D. A. N. Jones
We were hoping to see a double-bill by Wole Soyinka among the African plays at the Hampstead Theatre Club. It's a pity the Ijinle Company had to cancel The Strong Breed. This sombre and difficult play concerns the ritual persecution of a scapegoat, like several recent English productions; but Soyinka lives in a society where it's genuinely possible for an ordinary man – a suburban schoolmaster, say – to visit an aunt in the country and suddenly feel himself in the wrong century, among impressive even admirable people doggedly practising a cruel rite. Soyinka's treatment of the situation would be a lesson for our Rudkin blood-kin: the fantasy grows from life.
In the event we have only his short rogue comedy, The Trials of Brother Jero, which may seem a bit trivial to those who recently admired The Road, his more complex study of another sub-Christian prophet. Soyinka has something of an obsession about these people: there's not only 'Professor' in The Road but the haunting Lazarus in his novel, The Interpreters. I would guess that, as with Bergman and Fellini, this interest is connected with an artist's doubts: how much of his work is genuine magic, how much a mountebank's tricks? Brother Jeroboam is Soyinka's most straightforward creation in this line. An admitted charlatan, a Jonsonian 'alchemist', he winks at the audience as he gulls his victims. By making ambiguous promises and thwarting natural desires, he exercises total control: the political analogy is implicit.
In The Golden Labyrinth Professor Wilson Knight acknowledges that his essay on Shakespeare is influenced by his pupil, Wole Soyinka. Possibly the link here is Knight's insistence on the curious authority possessed by rogues and even by seedy solitaries like Shylock and Malvolio. For Brother Jero, that simple crook, has got a kind of 'charisma': his graft breeds exhilaration and his ecstatic flock seem almost justified in the infectious piety of their holy rolling. See him at the play's close, canonised in the eyes of his latest conquest, an ambitious MP who's been wondering Lagos beach rehearsing the oration he's too shy to make. There's an addition here to the printed text: that hopeless speech, hilariously rendered by Robert Serumaga, now deals with neo-colonialism and Smith-Wilson collaboration – a parody designed to cause African politicians maximum offence. This lengthens the brisk play; its pace could be improved by following Soyinka's lighting directions and by bridging gaps with music, as was done so well in the recent Third Programme version of Soyinka's The Lion and the Jewel. The quarrel between the nagging wife and the fish-seller has also been extended, but Jumoke Debayo makes it worthwhile. She's a gorgeous shrew: every gulp and gasp, every slump into what Soyinka calls the woman's 'Kill me!' posture, expresses her incredulity at the possibility of opposition. She's well matched by Euba, her luckless mate – plunging into pidgin under marital or religious stress – but some of the South Africans in Athol Fugard's company must be finding Nigerian style difficult. Cosmo Pieterse has a white-commonwealth accent, almost comparable with Smith's; it works better in the concluding jazz and poetry session.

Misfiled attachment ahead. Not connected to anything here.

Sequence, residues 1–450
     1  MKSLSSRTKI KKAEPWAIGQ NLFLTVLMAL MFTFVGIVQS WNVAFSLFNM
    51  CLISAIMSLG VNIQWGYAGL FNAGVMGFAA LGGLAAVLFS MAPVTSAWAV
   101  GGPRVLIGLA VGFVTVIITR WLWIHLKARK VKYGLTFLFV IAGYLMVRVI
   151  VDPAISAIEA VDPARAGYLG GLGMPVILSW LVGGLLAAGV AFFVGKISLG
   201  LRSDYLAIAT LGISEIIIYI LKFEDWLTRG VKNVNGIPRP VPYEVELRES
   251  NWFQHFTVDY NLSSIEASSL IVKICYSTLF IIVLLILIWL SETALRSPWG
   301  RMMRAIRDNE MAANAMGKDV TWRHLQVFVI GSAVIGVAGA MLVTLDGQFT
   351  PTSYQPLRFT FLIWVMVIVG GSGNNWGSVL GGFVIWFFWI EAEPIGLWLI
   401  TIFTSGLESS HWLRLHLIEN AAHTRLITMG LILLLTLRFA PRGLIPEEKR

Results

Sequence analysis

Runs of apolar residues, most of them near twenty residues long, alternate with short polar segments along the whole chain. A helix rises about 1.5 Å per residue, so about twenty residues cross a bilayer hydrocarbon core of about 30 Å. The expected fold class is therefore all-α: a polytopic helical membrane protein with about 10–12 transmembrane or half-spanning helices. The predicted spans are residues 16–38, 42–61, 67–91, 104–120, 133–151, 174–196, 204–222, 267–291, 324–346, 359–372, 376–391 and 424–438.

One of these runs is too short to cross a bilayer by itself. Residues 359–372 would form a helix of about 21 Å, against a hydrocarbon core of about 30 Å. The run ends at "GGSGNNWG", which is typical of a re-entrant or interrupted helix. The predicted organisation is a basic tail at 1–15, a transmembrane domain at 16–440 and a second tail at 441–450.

This deserves a visit in its own right. The verses – English, Afrikaans, Zulu – come from southern Africa, as do most of the musicians, Chris McGregor's Blue Notes. The jazz is exceedingly 'free': the alto, Dudu Pukwana, is an admirer of Ornette Coleman. But there's also much African stuff here – Cape-Malay rhythms, I'm told – and the show does (to use a ruined word) swing. There's something agreeably weird in Pukwana's switch from highbrow American-style flourishes to verbal Zulu interchanges with the poet, Raymond Kunene.